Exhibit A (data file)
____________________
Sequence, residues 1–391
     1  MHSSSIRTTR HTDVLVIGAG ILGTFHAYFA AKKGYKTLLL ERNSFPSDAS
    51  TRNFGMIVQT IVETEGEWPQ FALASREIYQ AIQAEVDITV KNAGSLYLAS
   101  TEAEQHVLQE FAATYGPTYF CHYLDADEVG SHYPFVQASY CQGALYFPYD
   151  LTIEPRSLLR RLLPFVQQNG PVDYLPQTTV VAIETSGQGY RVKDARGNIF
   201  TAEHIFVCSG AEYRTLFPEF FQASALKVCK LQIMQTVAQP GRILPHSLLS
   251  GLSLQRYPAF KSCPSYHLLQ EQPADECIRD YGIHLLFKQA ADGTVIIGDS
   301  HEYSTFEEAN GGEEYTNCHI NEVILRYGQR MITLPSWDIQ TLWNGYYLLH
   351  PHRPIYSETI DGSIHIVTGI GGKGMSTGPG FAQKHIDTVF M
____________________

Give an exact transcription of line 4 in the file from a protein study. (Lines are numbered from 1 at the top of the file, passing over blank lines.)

   101  TEAEQHVLQE FAATYGPTYF CHYLDADEVG SHYPFVQASY CQGALYFPYD